My three kids chose different educational paths. How do I withdraw RESP funds in a way that’s fair to them and avoids unnecessary taxes?
A. Congrats on thinking ahead, Paul. And you’re correct: There is likely a minimum educational assistance payment (EAP) withdrawal you’ll want to make, which will benefit you both. That amount depends on how fully funded your RESP is.
As a reminder, the EAP is made up of the government grant (up to a maximum of $7,200) and the accumulated earnings on both your contributions and the grant itself…
According to Statistics Canada, the average cost of undergraduate tuition nationally for the 2022/2023 school year was $6,834 per year. The costs can be greater or smaller depending on the program of study, and tuition represents only a portion of the total cost of post-secondary education. In fact, the data shows a four-year university program can cost $96,004 for a student living on campus and $48,074 for a student living at home.
In contrast, the average RESP balance for children aged 14 to 17 was $22,180 at the end of 2019. That’s enough to fund approximately one quarter to one half of the cost of a typical four-year university program. What should parents do to close the gap?
MoneySense’s Student Money Guide
What if the RESP falls short of covering education costs?
Planning for RESP withdrawals can be more art than science…
How to make money as a student
Here are several ways you can earn some extra money on the side while juggling school.
Pick up a part-time job
One of the most common ways to access extra money is having a part-time job. Consider working in retail or at a restaurant, or getting a seasonal job, where you can work at a tourist attraction or resort. Having a summer job is a great way to obtain professional skills while enjoying time off of school and having a lighter course load.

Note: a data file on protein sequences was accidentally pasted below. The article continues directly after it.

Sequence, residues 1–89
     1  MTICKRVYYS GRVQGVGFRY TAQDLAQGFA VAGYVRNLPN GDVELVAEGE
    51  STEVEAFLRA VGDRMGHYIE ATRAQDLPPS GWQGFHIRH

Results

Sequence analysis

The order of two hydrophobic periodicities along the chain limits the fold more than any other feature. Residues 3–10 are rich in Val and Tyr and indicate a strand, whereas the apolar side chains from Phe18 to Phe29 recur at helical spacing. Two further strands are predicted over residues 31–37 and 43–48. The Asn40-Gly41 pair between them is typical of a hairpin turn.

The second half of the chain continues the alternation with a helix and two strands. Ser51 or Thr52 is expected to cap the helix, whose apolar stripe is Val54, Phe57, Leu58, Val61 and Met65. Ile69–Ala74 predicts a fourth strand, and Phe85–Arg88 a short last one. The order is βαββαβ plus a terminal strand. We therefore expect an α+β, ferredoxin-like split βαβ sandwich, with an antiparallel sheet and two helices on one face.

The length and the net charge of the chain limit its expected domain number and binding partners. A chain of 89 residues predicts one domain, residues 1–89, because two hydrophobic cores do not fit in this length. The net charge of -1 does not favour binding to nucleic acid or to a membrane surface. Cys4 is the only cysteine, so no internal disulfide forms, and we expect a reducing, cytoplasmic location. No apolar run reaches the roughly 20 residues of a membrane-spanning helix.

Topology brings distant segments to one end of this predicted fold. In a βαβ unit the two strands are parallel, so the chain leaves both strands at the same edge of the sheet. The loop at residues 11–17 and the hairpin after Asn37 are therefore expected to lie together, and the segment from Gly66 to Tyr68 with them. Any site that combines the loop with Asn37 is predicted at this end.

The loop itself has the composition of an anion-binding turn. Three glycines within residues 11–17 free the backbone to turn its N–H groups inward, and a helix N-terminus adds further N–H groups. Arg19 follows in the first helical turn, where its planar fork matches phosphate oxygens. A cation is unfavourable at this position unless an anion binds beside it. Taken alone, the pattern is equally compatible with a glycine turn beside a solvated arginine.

When I was in university, I worked on campus as a teaching assistant and a research assistant…
Investing vs. debt repayment
The financial industry spends a lot more time talking about investing than debt repayment, so that can be an enticement to start building an investment portfolio. Investing has become more gamified as well, and many young people know someone—perhaps indirectly through social media—who has made it rich investing in meme stocks, cryptocurrencies or NFTs. This can lead to a fear of missing out.
The truth is that most investors make money slowly over time, and even the professionals have a tough time keeping pace with stock market returns, let alone beating the market…
According to Statistics Canada, Canadian students enrolled in a full-time undergraduate program shelled out an average of $6,834 in tuition costs for the 2022/2023 academic year, and graduate students paid an average of $7,437. If you live away from home, you might need loans to cover housing costs, too. Over a typical four-year program, that can mean shouldering tens of thousands of dollars of debt.
So, how can you pay off your student loan debt? We break down the types of student loans, repayment strategies, and how you can balance this obligation with other priorities.
How to pay off your student loans
Here are several key factors to consider when making a plan to pay off your student debt.
1. Tally up your student loans
You may have one type of student loan or a mix of a few…